Governor Andrew M. Cuomo today released the list of comorbidities and underlying conditions that New York State will use to determine eligibility for the COVID-19 vaccine. New Yorkers who have one of the comorbidities on the list will be eligible for the vaccine beginning February 15.
"New Yorkers with comorbidities and underlying conditions exist throughout the state's population—they're our teachers, lawyers and carpenters, in addition to the doctors who keep us safe every day, and they are a highly affected population," Governor Cuomo said. "We're committed to vaccinating vulnerable populations that have suffered the most as we distribute a strictly limited supply of vaccines, and people with comorbidities are 94 percent of the state's COVID deaths. That's why we'll open eligibility to people with comorbidities starting February 15 and give hospitals the ability to use extra doses they have to address that population. Local governments have a week to prepare for the new change—they need to get ready now."
The full list of comorbidities and underlying conditions is available below. The list is subject to change as additional scientific evidence is published and as New York State obtains and analyzes additional state-specific data.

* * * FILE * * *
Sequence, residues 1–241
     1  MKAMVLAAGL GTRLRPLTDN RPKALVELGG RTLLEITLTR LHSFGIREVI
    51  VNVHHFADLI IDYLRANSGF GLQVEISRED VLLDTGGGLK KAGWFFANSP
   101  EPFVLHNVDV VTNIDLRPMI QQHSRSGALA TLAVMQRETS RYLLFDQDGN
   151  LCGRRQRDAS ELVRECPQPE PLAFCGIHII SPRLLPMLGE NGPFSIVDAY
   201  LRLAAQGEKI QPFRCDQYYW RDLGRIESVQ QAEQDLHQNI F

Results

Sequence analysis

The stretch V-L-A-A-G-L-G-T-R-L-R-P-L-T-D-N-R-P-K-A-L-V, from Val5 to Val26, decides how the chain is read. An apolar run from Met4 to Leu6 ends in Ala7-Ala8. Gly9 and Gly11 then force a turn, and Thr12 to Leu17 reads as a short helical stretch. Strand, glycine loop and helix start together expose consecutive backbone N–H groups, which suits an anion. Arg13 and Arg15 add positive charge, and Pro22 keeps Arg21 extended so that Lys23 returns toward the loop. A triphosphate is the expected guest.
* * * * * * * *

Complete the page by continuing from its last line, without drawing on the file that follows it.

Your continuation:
Adults of any age with the following conditions due to increased risk of moderate or severe illness or death from the virus that causes COVID-19:
- Cancer (current or in remission, including 9/11-related cancers)
- Chronic kidney disease
- Pulmonary Disease, including but not limited to, COPD (chronic obstructive pulmonary disease), asthma (moderate-to-severe), pulmonary fibrosis, cystic fibrosis, and 9/11 related pulmonary diseases
- Intellectual and Developmental Disabilities including Down Syndrome
- Heart conditions, including but not limited to heart failure, coronary artery disease, cardiomyopathies, or hypertension (high blood pressure)
- Immunocompromised state (weakened immune system) including but not limited to solid organ transplant or from blood or bone marrow transplant, immune deficiencies, HIV, use of corticosteroids, use of other immune weakening medicines, or other causes
- Severe Obesity (BMI 40 kg/m2), Obesity (body mass index [BMI] of 30 kg/m2 or higher but < 40 kg/m2)
- Sickle cell disease or Thalassemia
- Type 1 or 2 diabetes mellitus
- Cerebrovascular disease (affects blood vessels and blood supply to the brain)
- Neurologic conditions including but not limited to Alzheimer's Disease or dementia
- Liver disease